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Jennifer

The painting is The Toilet of Venus by Rubens. Although Rubens is Flemish, the painting is more Italian in flavor.

Lance

Thanks, J. I figured you'd know. I should have emailed you before I wrote the post.

Batocchio

Your review describes pretty much what I expected. I still want to see it, because I adore Moliere, but frankly, his real life was extremely interesting, and quite heart-breaking in places, so I had to wonder a bit when I saw the "Shakespeare in Love" treatment the trailer showed.

I have a tape of the RSC performing Bulgakov's play Moliere (veteran clown Anthony Sher is Moliere), which uses Moliere and Louis XIV to parallel Bulgakov's relationship with Stalin. It treats some unconfirmed rumors as truth, and has those low-grade Brit teleplay production values, but it's thematically interesting. (Back when I was teaching high school, I designed a comedy-and tragedy curriculum for one term, so during one stretch, we moved from Tartuffe to the film of Bulgakov's Moliere to Bulgakov's novel The Master and Margarita.) In any case, while many play translations aren't great reads, Bulgakov's is an interesting play, and there's an American playright who did a bio play of Moliere in the past ten years or so that wasn't bad, either.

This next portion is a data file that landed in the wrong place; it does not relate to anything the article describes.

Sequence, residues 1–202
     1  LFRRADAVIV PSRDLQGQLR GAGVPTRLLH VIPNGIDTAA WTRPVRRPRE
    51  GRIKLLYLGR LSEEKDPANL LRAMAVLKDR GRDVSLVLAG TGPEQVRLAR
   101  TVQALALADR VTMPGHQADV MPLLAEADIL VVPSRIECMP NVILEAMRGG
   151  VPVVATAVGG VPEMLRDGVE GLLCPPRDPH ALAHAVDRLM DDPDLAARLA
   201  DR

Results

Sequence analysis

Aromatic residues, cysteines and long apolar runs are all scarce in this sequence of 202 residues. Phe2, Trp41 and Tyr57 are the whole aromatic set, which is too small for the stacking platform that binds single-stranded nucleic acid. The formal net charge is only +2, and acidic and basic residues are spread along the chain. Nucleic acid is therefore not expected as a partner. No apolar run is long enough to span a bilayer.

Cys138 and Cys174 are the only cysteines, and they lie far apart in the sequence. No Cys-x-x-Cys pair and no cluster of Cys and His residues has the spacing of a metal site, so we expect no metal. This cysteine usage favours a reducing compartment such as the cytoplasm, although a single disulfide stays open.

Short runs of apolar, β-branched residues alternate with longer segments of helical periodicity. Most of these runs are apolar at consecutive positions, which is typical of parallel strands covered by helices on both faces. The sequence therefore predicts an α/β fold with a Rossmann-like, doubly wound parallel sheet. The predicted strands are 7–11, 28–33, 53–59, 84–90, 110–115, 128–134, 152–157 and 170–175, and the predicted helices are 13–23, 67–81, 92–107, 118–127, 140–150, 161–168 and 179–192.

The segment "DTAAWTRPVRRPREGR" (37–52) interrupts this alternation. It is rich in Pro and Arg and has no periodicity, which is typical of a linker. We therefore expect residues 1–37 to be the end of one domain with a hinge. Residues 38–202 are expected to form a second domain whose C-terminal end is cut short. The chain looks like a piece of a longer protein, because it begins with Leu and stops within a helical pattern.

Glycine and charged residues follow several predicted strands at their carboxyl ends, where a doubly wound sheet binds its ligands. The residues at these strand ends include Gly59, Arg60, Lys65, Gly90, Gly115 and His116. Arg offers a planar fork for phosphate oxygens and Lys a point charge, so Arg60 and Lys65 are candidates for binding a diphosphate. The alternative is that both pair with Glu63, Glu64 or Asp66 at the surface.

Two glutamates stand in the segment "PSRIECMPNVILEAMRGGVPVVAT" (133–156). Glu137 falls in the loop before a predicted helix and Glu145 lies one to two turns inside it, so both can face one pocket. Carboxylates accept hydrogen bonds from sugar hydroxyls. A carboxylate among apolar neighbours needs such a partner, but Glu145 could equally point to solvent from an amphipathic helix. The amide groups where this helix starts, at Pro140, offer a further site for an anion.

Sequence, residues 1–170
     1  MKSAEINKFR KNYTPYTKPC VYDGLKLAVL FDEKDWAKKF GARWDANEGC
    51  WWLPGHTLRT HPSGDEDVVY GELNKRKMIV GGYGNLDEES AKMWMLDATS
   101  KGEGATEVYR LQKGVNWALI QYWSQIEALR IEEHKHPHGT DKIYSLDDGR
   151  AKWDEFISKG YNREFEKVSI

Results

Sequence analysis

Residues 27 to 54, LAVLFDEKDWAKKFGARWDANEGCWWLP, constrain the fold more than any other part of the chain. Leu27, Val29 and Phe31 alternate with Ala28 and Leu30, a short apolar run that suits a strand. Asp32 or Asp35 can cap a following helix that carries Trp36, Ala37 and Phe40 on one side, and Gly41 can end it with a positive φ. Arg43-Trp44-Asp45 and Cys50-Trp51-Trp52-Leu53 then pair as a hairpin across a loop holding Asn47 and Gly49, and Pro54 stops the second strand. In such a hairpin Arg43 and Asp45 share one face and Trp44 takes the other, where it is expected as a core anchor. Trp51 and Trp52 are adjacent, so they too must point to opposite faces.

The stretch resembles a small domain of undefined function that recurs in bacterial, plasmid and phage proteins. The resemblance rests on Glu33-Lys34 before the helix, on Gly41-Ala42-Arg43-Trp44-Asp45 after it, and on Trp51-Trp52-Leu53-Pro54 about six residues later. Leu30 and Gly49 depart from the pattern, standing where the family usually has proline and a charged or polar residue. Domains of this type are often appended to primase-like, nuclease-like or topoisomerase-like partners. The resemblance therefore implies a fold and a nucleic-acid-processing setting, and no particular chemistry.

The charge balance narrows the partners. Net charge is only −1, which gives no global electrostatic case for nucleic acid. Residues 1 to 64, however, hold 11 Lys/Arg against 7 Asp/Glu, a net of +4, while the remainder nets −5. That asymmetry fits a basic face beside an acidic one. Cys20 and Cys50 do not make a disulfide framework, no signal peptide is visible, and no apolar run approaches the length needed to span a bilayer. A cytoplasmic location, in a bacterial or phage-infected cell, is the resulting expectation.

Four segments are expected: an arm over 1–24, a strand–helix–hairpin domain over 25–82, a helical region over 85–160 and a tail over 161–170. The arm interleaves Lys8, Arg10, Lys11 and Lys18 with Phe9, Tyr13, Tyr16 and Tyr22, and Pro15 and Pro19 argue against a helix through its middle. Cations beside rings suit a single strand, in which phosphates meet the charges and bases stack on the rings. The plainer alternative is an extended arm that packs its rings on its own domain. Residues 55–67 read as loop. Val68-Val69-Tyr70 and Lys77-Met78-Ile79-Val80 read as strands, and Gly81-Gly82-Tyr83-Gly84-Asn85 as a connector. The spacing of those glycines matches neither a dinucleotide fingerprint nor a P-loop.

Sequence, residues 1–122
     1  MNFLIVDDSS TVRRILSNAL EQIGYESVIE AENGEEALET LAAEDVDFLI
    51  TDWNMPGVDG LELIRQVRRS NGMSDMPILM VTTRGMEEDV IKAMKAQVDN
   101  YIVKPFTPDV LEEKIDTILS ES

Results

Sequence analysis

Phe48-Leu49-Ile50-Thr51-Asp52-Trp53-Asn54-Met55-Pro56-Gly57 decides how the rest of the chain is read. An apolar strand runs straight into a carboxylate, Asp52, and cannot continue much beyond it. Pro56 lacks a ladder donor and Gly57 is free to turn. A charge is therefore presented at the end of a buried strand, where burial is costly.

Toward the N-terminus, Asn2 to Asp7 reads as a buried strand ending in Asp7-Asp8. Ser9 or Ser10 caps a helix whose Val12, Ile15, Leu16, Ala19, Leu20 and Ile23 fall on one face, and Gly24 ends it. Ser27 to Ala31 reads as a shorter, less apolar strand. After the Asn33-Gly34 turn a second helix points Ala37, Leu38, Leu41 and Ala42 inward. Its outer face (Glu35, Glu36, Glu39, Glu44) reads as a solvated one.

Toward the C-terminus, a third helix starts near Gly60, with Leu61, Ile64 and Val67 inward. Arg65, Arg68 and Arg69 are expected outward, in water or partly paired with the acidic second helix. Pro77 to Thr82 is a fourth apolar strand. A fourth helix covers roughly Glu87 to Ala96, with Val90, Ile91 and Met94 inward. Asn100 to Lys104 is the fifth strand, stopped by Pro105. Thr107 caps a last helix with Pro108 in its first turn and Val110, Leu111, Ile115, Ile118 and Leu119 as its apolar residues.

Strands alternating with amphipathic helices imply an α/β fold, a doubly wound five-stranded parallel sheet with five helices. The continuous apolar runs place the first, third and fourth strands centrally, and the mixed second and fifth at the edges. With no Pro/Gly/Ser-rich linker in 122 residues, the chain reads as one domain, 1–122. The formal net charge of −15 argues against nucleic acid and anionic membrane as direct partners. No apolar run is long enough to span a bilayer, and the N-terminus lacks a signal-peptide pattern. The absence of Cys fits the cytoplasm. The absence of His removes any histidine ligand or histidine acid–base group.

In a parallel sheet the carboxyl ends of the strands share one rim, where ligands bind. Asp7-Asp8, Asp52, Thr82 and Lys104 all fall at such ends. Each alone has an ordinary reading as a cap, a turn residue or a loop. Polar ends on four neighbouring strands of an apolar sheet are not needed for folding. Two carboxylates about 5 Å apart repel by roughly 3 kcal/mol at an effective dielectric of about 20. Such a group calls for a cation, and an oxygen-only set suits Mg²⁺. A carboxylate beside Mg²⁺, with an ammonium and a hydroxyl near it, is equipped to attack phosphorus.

Much Ado is probably my favorite Shakespeare comedy, for exactly the compassion elements you describe. It basically has all the wit of Shrew, but with less sexism. Also, Shakespeare offers us what we think of as the idealized couple, Claudio and Hero, but then offers us love as we really want in Benedick and Beatrice. A wise fellow. (I actually just read through Much Ado with some actors this past weekend — we meet every few months to read Shakespeare — it was fun.)

As for Moliere's plays, I saw a transcendent production of The Miser as a teenager that still ranks as one of the best five I've seen in my life, life-changing, epiphany-inducing, the whole deal. (I've seen it done in much less inspired manner since!) With a great deal of period comedy, it's much better to see a good production (if you can find one) than read it, I find. Anyway, thanks for the review.

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